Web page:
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  • Cheryl Osborne

Classic Book Club...with a difference

M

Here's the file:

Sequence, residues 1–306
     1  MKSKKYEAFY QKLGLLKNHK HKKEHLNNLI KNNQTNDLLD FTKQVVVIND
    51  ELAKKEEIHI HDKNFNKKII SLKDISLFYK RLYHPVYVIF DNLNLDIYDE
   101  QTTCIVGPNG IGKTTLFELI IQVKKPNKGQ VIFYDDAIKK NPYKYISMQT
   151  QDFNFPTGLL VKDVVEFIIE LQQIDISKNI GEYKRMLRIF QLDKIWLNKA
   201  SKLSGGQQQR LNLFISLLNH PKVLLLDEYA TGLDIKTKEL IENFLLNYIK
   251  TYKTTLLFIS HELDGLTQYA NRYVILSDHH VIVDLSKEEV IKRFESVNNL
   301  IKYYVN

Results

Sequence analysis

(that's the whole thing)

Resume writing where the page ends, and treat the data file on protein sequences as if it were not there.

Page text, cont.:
embers met over lunch at the High Wycombe Tavern to talk about "Claudine at School" by lauded French writer Colette (1873-1954) who, after a lengthy court battle, was able to claim the Claudine series of novels as her own, not those of her former husband, Henry Gauthier-Villars, who turned the key in her room to force her to write. In today's world 15-year-old Claudine would be considered a bully. She is attractive and clever, "the smartest girl in the school and more than a match for her formidable headmistress as they vie for the attention of the pretty assistant Aimee." Her father is an absent-minded professor wholly engaged in his research, who knows absolutely nothing about parenting a young girl; she is basically raising herself. "Speaking with a voice wiser than her years, Claudine is a critical observer; she is trying to come to terms with her attraction to women and the attention she is receiving from men. She acts like she despises all her classmates, but in truth she knows she will miss them." The novel was published in 1900. It was an easy read. School in the 50s and 60s was never like that!



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